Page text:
Iraqi leader Maliki asks Sunni rivals not to quit parliament over protest camp dispute

BAGHDAD — Iraq’s Shiite prime minister, seeking to contain Sunni unrest, called on his Sunni political rivals Tuesday not to withdraw from the government over the dismantling of a protest camp that led to deadly clashes in a major western city.

More than 40 Sunni lawmakers submitted their resignations from parliament, and Sunni ministers threatened to withdraw from the Cabinet, over the unrest in the western province of Anbar. Seven gunmen and three police officers were killed in clashes Monday as security forces took down tents and cleared a Sunni sit-in in the provincial capital, Ramadi.

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Prime Minister Nouri al-
Maliki said Tuesday that the army will leave cities in Anbar. He called on the armed forces to “devote themselves to continue operations pursuing al-Qaeda hideouts in the desert of Anbar” but said the military would “turn over the administration of the cities to the local and federal police,” according to a statement from his office.

Police and local officials in western Ramadi in Anbar said clashes between gunmen and security forces were continuing inside the city Tuesday.

Sunnis have been staging protests since December 2012 against what they consider second-class treatment by the ­Shiite-led government and against tough anti-terrorism measures that they say target their sect of Islam.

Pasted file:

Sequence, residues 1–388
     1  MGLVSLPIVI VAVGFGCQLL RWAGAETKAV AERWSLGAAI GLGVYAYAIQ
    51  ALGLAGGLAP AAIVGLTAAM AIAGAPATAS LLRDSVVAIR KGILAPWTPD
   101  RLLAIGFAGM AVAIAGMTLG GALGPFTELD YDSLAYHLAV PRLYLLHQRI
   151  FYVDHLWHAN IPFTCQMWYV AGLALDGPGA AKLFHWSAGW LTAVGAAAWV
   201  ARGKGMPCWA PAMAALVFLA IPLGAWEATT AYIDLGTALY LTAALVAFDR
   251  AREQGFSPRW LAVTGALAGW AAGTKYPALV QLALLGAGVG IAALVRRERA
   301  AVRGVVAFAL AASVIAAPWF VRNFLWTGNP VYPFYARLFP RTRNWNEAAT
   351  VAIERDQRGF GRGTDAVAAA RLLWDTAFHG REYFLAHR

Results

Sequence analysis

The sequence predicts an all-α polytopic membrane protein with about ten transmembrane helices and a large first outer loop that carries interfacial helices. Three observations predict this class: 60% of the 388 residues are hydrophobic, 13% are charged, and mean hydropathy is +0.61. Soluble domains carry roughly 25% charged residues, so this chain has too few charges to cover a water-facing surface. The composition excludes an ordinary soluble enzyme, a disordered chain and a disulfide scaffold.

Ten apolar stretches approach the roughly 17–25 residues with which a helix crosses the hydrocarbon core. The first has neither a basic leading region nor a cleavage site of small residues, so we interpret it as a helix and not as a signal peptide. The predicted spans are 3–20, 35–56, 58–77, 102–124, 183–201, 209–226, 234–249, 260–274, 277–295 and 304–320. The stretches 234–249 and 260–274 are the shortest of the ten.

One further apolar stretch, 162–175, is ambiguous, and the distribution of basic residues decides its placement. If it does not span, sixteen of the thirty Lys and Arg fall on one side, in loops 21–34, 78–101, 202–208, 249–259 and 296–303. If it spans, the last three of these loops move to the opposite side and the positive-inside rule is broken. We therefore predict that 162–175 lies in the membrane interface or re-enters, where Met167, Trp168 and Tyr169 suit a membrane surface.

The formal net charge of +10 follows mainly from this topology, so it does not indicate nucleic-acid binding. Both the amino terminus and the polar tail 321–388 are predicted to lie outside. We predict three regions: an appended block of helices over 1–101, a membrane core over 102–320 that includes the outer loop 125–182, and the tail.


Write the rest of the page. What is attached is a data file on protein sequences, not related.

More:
The government and some tribal leaders in Anbar accused the protesters of offering shelter for al-Qaeda’s local branch to recruit people and plan for attacks.

“I call upon politicians to adopt wise stances and not emotional ones away from any move that could help al-Qaeda, terrorists and sectarian partisans,” ­Maliki said in a statement.

The unrest in Anbar followed the weekend arrest of a Sunni lawmaker, Ahmed al-Alwani, who has been prominent among the organizers of the protests.

Alwani is sought on terrorism charges, accused of inciting violence against Shiites who came to power after the 2003 U.S.-led invasion that ended Saddam Hussein’s Sunni-led regime. His brother, five guards and two troops were killed in an exchange of fire with security forces when his entourage resisted the arrest.

Government forces have waged an offensive over the past month to hunt down al-Qaeda fighters in the deserts of Anbar in a bid to stem violence that has been on rise since the beginning of 2013. More than 8,000 people have been killed in Iraq over the past year, according to U.N. estimates.

The moves in Anbar raise risks of an increased backlash by Iraq’s Sunni minority. The Iraq branch of al-Qaeda, known as the Islamic State in Iraq and the Levant, issued a statement Tuesday vowing solidarity with Anbar’s Sunnis.

Bombs exploded across Baghdad, Iraq’s capital, on Tuesday, killing at least 15 people, according to police and medical sources. No group immediately claimed responsibility for any of those attacks.

— Associated Press

 
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